The Ph.D. experience intensified rather than diluted: this is how I would describe self-funding my part-time course. Ph.D. students face the intellectual challenges of their project, loneliness, preparing themselves for next phase while concentrating on the degree, and a lack of external validation. Ph.D.s are as much a test of character (stamina, self-belief, commitment, resilience, ongoing love for your subject, resourcefulness) as they are of intelligence. I would argue that self-funded, part-time students excel at dealing with all of these, yet are given insufficient respect and credit.
In a bad week, the requirements of postgraduate study (research seminars, etc.) plus paid work took up 70 hours, before I’d started research. I found it ironic that I had to pay tax on my low earnings, paying not only for my course but contributing to the pot paying for my colleagues’ funded positions. Nobody ever expected me to submit, so the university didn’t care. Every time something went wrong I would panic. I remember crying for days when a £1,500 pot of teaching work was shut down because the organiser had missed the deadline to apply for it. It doesn’t sound much, but that represented over 10% of my annual budget. Friends would get upset because it represented part of the deposit for their house, or a holiday. For me it meant piecing together another 150-200 hours of work from time I didn’t have, while in the short term tightening my belt even further. I sought big projects so I had fewer things to juggle, but inevitably my head was crowded out by the number of things I had to think about, making it hard to find the mental space for research. I was sometimes criticised for being ‘breathless’ with my ideas and writing. Is it surprising? I became exceptionally self-motivated, resilient and determined.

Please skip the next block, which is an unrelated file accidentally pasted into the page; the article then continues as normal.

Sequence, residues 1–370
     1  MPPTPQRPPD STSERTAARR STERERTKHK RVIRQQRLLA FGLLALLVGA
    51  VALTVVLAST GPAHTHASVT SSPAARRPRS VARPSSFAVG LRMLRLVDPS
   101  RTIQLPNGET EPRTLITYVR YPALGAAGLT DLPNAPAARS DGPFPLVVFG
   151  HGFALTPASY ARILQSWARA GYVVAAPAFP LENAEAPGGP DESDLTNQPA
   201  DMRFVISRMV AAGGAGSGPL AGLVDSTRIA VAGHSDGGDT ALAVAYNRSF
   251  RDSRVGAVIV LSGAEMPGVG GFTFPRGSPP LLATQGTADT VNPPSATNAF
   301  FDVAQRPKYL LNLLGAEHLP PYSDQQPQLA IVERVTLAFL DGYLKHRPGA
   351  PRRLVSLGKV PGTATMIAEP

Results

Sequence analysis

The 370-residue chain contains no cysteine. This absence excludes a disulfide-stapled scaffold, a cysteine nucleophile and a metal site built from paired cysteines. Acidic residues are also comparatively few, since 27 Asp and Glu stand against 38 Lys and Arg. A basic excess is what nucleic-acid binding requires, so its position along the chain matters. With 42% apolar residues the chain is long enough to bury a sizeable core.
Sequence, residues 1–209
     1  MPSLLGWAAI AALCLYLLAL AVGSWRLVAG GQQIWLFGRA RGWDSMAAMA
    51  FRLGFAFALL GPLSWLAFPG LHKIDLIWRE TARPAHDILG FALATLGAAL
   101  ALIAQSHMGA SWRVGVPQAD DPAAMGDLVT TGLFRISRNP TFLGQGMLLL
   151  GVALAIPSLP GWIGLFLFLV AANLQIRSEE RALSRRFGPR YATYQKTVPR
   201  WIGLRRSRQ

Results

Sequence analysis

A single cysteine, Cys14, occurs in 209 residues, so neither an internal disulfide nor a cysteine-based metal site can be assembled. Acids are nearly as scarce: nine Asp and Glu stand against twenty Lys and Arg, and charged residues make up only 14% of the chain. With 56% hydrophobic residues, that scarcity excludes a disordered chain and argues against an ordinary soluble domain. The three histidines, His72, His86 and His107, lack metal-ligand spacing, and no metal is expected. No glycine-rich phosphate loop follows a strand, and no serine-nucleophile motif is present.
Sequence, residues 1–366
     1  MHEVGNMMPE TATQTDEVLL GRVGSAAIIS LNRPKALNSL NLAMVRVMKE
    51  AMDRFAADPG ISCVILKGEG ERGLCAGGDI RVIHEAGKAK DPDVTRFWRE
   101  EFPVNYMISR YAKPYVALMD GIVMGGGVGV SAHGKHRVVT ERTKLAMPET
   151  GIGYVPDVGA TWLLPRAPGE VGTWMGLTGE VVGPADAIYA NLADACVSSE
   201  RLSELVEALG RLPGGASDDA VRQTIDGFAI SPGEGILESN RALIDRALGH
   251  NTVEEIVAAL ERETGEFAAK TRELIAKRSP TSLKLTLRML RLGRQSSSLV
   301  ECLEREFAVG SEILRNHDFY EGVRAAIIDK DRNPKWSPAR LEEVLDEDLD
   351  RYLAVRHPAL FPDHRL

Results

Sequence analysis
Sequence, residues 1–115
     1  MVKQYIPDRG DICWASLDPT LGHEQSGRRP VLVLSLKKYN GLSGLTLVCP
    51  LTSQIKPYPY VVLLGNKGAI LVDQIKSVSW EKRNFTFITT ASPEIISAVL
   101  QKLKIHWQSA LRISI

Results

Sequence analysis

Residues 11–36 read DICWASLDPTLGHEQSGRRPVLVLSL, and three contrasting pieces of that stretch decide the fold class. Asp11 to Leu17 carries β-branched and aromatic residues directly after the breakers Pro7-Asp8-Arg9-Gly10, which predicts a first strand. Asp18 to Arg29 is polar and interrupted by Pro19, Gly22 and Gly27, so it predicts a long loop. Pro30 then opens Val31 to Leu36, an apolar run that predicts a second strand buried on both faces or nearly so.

Practically, life could be awkward. I had to run a car to get to jobs, but this was a major expense. Stupid things like the university only paying once a month, even for expenses, meant I often found myself paying interest on their debt, which seemed grossly unfair, but there’s no way to claim interest on expenses. Some things paid annually, which left me in serious difficulties during the year. Even when the annual budget balanced, cash-flow rarely did. I became adept at budgeting.
The banks were useless, with no support for part-time humanities students: part-time students aren’t entitled to student accounts, even when the part-time status is due to self-funding, making student support critical. I had to pay back student debt while still a student. Again, it seemed extremely unfair, designed to force me into a debt spiral rather than work with me. The bank didn’t believe in personal contacts, but had a constant run of uninterested, short-term placement staff and endless forms and processes which meant they had no respect for me, or means to work with me.
Working in administration meant my academic colleagues sometimes viewed me as less serious. I was there to wash up and fix the photocopier, not to contribute to academic discussions. Colleagues who had shared conference panels, or even published with me, could suddenly be utterly dismissive. Self-funding seemed stigmatised, as though if I was any good, I’d have got funding, and as I hadn’t my work was clearly just a vanity project. Even my supervisor sometimes seemed to view me as a second-class student. I, however, learned what universities were like inside out, learned more about the establishment than anyone else, and was more resilient and organised than many others.